Electricity from hydropower plants was not produced in Lao PDR until the late 1960s. Only some small hydroelectric plants with installed capacities ranging from 50 kilowatts to 5 megawatts serving small isolated local grids were commissioned at the time. This static development resulted from low demand for electricity in the country, on one hand. Scarcity of finance for investment in power generation has presented a bottleneck in the development plans for the sector, on other. Historically, financing needs had been met by international financial institutions, but their support for hydropower generation had been limited in recent years.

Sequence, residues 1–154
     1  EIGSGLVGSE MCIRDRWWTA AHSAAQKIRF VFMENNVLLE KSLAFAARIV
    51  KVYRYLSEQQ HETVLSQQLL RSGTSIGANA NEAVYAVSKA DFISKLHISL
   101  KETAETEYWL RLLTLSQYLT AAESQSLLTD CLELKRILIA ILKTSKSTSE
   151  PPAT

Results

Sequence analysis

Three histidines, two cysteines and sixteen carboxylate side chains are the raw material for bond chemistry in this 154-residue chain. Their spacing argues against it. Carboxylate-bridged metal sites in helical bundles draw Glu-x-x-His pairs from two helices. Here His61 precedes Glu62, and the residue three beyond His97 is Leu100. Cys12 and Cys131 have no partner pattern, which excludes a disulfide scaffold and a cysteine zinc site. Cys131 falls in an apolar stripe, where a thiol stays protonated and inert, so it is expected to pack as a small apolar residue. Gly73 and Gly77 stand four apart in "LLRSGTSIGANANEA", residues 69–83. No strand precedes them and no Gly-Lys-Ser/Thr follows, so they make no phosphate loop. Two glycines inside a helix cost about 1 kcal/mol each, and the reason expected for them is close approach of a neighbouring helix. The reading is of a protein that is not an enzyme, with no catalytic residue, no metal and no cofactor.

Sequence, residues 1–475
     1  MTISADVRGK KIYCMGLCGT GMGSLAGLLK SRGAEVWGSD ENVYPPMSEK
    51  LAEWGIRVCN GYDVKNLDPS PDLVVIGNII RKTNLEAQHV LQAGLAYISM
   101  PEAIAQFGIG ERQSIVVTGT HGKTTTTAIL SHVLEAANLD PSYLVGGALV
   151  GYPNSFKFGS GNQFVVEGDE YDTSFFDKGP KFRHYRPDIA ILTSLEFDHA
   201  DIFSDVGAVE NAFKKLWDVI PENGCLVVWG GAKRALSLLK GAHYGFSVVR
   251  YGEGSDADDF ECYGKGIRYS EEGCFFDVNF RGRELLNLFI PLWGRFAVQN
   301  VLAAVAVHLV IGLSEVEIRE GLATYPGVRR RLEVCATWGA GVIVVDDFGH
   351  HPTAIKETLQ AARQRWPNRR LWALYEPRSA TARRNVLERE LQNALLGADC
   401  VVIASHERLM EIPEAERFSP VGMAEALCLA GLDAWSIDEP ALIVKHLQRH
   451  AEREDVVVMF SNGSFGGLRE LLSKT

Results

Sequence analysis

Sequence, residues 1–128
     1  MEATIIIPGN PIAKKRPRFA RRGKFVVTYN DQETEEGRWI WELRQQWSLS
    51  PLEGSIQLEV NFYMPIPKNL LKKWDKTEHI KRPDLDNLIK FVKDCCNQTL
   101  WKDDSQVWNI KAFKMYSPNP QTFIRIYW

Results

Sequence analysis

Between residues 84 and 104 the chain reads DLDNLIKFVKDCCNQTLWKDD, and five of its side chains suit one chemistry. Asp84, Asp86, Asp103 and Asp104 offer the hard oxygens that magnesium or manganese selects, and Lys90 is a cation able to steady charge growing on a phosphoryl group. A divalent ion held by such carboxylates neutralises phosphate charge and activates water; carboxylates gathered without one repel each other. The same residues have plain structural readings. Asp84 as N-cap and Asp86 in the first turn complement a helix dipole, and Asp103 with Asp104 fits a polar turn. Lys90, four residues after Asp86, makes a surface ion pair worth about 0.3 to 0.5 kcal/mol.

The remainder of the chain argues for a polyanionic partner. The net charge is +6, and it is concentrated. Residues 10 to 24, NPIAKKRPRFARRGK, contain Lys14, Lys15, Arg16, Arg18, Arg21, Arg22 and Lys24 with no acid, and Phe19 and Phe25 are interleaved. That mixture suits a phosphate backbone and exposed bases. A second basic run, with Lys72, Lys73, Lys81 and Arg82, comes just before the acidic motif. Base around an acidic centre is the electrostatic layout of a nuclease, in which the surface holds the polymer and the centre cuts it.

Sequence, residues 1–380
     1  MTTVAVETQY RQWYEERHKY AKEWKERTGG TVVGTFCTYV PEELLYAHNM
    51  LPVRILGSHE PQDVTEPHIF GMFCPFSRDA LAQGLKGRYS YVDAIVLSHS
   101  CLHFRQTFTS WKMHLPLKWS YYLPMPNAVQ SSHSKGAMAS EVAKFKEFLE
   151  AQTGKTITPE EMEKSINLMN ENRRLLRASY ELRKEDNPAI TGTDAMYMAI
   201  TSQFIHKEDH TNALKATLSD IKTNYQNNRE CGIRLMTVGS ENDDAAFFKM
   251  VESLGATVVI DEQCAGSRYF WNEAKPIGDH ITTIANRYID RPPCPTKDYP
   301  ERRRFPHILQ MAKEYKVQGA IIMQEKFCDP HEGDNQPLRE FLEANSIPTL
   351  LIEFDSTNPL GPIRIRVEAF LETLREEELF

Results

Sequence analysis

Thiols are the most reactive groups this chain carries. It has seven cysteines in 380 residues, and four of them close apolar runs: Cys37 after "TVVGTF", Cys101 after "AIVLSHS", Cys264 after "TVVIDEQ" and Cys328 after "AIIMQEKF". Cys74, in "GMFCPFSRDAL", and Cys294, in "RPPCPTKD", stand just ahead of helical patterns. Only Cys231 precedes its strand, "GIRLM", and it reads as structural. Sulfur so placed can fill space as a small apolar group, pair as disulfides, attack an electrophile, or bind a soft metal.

By contrast, today the electricity sector is the country’s third largest export earner. The advent of rapid development of the power sector has resulted from an openness policy, which was set forth in the New Economic Mechanism (NEM) as adopted in the late 1980s. The NEM has induced the expansion of activities related to industries, services, commerce, and rural development, which in turn initiated demand for electricity in the country. In keeping with the NEM, the power sector has been classified as a development strategy of the national economy. Furthermore, the Lao Government has recognized diverse ownerships in its economic system; private ownership and public-private partnership have been encouraged to participate in various investment-related activities in power projects. The participation of the private sector has therefore been sought and promoted through a Build-Own-Operate-Transfer (BOOT) approach, contracting-outs and other privately-managed arrangements. Included in private financing are equity investment, supply of material and equipment, provision of security, consultancy service, and power market privatization.